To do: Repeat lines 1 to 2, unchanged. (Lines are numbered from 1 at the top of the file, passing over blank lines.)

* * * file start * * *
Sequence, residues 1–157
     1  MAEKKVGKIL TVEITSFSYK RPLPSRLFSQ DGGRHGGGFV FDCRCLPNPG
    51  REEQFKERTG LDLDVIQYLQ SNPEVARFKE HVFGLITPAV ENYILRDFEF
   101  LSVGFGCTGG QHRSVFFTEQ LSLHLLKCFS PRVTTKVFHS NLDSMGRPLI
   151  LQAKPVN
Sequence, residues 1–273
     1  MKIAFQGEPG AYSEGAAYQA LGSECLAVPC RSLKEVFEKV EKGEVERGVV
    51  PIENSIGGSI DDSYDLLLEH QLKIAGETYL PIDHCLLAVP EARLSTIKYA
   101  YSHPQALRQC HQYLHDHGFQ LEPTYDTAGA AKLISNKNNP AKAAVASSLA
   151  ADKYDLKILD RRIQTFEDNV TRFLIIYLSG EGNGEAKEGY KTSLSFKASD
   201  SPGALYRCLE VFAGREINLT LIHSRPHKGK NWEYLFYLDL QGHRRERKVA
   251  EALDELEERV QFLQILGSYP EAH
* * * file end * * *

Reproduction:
Sequence, residues 1–157
     1  MAEKKVGKIL TVEITSFSYK RPLPSRLFSQ DGGRHGGGFV FDCRCLPNPG